Another application filed by Harrison Power, LLC in September 2017 for the 1,100-MW Harrison Power Plant in Cadiz is still pending approval. If approved, the developers expect commercial operation for that project to begin in December 2021.

Overview:

(For the Week Ending Wednesday, January 24, 2018)

  • Natural gas spot prices fell at most locations this report week (Wednesday, January 17 to Wednesday, January 24). The Henry Hub spot price fell from $3.87 per million British thermal units (MMBtu) last Wednesday to $3.56/MMBtu yesterday.
  • At the New York Mercantile Exchange (Nymex), the February 2018 contract price rose 28¢ from $3.232/MMBtu last Wednesday to $3.509/MMBtu yesterday.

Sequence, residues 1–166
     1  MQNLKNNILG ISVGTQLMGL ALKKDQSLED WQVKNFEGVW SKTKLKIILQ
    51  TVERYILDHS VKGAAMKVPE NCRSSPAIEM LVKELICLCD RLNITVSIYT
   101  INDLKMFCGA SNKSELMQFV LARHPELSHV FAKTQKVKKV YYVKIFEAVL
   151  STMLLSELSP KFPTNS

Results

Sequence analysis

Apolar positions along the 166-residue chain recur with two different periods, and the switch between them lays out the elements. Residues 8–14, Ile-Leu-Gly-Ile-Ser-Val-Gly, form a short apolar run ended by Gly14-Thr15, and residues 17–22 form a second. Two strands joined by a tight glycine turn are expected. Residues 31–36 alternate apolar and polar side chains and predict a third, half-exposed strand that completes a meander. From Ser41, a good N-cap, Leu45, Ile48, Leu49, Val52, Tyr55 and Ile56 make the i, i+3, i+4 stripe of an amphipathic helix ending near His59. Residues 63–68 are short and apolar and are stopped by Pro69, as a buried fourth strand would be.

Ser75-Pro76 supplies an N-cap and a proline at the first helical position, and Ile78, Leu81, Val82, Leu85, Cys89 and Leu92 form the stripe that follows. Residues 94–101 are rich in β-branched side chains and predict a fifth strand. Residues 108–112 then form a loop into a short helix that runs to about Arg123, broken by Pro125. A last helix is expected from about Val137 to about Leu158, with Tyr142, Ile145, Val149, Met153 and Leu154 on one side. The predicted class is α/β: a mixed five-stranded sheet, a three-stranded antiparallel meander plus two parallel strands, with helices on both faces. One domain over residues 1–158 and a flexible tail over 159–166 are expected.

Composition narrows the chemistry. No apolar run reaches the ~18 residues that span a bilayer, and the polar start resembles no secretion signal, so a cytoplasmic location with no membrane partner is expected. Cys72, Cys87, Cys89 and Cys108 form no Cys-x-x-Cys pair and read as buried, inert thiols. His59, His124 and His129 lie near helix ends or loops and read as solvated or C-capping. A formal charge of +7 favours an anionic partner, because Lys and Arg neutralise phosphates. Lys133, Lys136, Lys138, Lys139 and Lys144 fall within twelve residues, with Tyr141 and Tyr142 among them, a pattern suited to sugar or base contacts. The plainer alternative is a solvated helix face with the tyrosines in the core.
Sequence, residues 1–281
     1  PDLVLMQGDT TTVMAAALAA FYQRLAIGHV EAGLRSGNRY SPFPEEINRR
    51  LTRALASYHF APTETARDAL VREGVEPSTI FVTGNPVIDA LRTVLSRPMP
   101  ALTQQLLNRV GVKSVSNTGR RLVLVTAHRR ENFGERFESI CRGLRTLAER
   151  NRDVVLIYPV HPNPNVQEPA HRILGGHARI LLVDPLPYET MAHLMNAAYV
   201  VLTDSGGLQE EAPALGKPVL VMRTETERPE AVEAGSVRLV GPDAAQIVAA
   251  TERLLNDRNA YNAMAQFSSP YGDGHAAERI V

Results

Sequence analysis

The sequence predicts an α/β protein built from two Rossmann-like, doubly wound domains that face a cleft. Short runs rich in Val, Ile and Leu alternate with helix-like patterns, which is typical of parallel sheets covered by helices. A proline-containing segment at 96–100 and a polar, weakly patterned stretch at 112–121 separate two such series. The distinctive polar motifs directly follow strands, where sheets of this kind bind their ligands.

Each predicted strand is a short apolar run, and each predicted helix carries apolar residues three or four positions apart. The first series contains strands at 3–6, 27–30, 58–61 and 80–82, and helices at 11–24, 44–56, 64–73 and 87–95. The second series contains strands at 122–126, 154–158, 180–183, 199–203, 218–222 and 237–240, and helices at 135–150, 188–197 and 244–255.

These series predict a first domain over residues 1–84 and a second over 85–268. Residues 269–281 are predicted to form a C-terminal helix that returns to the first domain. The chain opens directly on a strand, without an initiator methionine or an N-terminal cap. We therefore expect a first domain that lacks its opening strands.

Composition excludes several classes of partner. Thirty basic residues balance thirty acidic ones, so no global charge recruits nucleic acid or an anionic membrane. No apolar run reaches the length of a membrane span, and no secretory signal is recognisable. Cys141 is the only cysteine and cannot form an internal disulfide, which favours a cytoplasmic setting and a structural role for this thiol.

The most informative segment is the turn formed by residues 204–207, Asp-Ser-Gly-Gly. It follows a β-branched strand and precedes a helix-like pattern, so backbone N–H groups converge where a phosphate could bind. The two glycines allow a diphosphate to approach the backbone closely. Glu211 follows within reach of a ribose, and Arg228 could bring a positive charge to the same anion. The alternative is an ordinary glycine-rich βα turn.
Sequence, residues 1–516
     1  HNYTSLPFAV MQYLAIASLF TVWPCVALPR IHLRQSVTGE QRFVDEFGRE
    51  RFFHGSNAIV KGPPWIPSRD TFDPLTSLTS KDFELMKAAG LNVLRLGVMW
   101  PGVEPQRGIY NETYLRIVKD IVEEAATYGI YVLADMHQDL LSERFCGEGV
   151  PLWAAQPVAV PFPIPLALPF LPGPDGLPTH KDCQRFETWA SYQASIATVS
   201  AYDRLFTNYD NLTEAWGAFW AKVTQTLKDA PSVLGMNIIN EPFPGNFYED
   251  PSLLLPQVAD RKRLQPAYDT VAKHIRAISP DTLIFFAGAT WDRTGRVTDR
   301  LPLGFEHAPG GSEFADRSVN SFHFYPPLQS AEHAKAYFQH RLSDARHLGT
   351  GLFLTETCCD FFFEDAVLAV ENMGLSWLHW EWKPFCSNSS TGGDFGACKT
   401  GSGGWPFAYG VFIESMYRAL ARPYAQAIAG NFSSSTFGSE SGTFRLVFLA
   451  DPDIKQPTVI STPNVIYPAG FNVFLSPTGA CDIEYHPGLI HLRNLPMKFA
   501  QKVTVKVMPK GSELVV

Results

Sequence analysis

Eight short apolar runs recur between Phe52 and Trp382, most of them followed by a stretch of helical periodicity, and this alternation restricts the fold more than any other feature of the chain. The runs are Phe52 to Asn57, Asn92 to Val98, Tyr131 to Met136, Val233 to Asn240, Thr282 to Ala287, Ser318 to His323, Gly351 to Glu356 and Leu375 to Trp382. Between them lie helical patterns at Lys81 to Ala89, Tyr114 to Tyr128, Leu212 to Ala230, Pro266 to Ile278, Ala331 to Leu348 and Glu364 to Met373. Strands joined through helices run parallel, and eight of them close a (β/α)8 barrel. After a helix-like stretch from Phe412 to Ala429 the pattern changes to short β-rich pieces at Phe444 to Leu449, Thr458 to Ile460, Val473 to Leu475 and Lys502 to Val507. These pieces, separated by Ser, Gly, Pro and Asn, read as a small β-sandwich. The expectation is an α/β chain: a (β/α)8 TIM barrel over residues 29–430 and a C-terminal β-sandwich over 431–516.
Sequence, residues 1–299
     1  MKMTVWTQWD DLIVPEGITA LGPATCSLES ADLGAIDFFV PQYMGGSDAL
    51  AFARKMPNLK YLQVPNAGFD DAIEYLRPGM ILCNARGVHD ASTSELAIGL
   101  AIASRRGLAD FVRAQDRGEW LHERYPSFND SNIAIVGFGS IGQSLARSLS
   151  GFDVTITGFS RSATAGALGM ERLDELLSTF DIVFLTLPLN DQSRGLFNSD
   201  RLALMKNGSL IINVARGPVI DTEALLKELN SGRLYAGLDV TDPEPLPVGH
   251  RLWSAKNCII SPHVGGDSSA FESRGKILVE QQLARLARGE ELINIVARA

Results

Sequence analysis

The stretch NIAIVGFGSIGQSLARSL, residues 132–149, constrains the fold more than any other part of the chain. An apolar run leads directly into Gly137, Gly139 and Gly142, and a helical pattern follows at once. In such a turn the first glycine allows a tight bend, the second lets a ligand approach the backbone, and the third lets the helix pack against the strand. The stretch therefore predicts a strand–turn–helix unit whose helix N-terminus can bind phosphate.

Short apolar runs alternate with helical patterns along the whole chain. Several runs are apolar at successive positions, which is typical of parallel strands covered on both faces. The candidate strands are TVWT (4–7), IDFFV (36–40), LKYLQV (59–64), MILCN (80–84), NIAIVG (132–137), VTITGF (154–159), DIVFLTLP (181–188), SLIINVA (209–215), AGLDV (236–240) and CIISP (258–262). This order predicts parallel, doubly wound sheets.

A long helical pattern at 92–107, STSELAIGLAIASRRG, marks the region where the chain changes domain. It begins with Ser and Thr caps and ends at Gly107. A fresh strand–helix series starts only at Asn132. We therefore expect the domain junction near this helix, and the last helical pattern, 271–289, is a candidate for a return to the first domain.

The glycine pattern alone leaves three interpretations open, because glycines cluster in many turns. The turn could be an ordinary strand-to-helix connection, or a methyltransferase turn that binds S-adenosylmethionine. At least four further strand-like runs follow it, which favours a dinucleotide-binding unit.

• Net withdrawals from working gas totaled 288 billion cubic feet (Bcf) for the week ending January 19. Working natural gas stocks are 2,296 Bcf, which is 18% lower than the year-ago level and 17% lower than the five-year (2013–17) average for this week.
  • The natural gas plant liquids composite price at Mont Belvieu, Texas, fell by 5¢, averaging $7.98/MMBtu for the week ending January 24. The price of ethane, butane, and isobutane fell by 1%, 1%, and 3%, respectively. The price of natural gasoline and propane remained flat week over week.
  • According to Baker Hughes, for the week ending Tuesday, January 16, the natural gas rig count increased by 2 to 189. The number of oil-directed rigs fell by 5 to 747. The total rig count decreased by 3, and it now stands at 936.

more summary data

Prices/Supply/Demand: